Hybrid – in chicken terms: a chicken with parents from different breeds. That is done with the purpose to combine the best characteristics of both breeds.

Layer – a hen in the process of producing eggs 

Laying cycle – the time between when the hen starts laying and when she moults. 

Litter – see bedding - can either be shavings of wood, straw, hay or shredded paper that are scattered on the floor of the coop and the run. The bedding will absorb any moisture and when cleaned regularly keeps the odour of the chicken poop at bay. Used in the nest box it also provides as cushion for eggs.  

Moult – happens once a year and lasts about eight weeks. The chickens shed their feathers during the moulting period and grow new ones. Sorry – hens will not lay eggs during this time. 

Nest box – a wooden or plastic box that is designed to encourage hens to lay their eggs in. It should have easy access for you to collect the bounty. You need one nesting box for about 4 to 5 hens 

Non-setter – this is a kind of chicken breed that don’t have any desire to care for their chicks, if they have one, or never wanted to incubate or hatch fertilized eggs. 

Ornamental breed – these breeds are the ones that are often seen in fairs and poultry shows. They are appreciated because of their stunning stature and appearance.  

Perch – usually round horizontal pole on which chicken go to sleep.  

Poultry show – is where all kinds of chicken breeds are shown and judged.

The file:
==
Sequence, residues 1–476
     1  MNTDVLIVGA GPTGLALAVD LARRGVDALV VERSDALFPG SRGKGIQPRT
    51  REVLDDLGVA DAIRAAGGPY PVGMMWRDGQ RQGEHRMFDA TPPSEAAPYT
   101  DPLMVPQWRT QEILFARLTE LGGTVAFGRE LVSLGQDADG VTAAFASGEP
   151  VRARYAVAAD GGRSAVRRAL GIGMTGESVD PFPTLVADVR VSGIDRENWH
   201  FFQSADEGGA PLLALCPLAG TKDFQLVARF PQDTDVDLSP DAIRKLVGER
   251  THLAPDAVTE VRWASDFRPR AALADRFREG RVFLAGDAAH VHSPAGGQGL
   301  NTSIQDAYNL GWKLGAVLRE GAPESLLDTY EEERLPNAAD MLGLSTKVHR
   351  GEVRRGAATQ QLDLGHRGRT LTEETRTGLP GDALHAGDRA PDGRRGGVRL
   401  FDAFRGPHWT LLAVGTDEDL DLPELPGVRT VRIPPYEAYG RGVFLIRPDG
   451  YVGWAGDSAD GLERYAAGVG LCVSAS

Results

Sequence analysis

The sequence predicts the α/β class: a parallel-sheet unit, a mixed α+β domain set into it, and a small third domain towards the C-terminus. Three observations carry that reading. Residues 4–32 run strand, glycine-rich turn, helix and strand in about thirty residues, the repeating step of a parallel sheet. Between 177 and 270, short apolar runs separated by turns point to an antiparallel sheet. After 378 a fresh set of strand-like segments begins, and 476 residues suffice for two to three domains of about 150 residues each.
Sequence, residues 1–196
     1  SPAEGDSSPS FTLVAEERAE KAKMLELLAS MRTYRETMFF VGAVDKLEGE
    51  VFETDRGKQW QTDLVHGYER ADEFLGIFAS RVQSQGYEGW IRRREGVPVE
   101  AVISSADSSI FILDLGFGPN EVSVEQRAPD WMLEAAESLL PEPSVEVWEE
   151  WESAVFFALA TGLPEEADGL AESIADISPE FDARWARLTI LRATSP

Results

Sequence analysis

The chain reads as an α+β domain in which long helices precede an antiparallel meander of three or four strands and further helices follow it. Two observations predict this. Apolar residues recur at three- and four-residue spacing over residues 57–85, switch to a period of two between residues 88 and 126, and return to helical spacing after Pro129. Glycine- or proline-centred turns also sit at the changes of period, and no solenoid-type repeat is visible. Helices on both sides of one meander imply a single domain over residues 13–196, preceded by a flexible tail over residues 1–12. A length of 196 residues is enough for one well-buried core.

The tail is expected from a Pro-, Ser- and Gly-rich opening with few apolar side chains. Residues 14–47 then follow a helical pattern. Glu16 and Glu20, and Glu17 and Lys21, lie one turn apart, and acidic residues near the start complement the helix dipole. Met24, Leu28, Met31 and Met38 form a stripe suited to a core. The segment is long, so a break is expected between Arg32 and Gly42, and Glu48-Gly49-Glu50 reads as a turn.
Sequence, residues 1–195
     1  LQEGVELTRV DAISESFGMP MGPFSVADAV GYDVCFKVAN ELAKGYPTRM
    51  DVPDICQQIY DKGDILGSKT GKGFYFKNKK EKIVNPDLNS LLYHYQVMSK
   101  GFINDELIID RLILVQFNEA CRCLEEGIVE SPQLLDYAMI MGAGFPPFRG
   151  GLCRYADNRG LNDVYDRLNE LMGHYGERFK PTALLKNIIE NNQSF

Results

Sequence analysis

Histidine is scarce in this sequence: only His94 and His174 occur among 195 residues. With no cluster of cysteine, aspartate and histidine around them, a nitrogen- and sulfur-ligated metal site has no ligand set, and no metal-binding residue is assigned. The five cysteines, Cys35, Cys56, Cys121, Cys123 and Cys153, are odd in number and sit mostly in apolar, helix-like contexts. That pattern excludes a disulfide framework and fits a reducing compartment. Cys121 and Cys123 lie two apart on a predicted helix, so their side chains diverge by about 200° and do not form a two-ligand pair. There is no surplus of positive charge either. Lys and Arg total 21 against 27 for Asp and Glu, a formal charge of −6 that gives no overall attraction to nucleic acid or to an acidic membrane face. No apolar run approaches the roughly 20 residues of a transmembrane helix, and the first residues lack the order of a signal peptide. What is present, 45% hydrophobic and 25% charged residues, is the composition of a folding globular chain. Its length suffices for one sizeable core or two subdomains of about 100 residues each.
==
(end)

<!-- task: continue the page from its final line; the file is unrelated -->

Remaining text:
Production breed – are the kind of breeds that are used for mass production of eggs. 

Pullet – a young hen under one year old that has not started laying yet. 

Point of lay – about to start laying, usually between 18 to 22 weeks, sometimes later. 

Roost – the time when chickens are resting on the perch to sleep.  

Rooster – a male chicken.                               Rooster

Roosting pole – see perch. It can be constructed and put inside the coop. 

Rumples – a chicken breed that does not have feathers on their tails. 

Run – an area connected to the coop where chickens can roam around freely. 

Scratch – a kind of chicken feed composed of different grains. Also refers to the chicken’s habit to dig up either worms, bugs, rocks, and tiny little insects that are inside the ground. 

Sexing – determining the sex of a chicken. 

Shanks – part of the chicken’s leg between the claw and the first joint. 

Sickles – what is called to the rooster’s tail feathers.  

Spur – a sharp pointed protrusion that is seen on the back of a rooster’s shanks.  

Started pullet – a hen that has just started laying eggs  

Starter feed – it’s the complete feed that is formulated and made especially for baby chicks. 

Vent – an opening at the chicken’s rear where eggs, poop and other waste matters pass.  

Waterer – delivers and holds the water supply. 

Wattles – it’s similar to a chicken’s comb: red and rubber-like, but found under the neck of the chicken.  

Wheezer – in colloquial terms, it’s what they call a chicken’s butt. 

Wormer – a medicine to protect against or get rid of internal parasites like worms.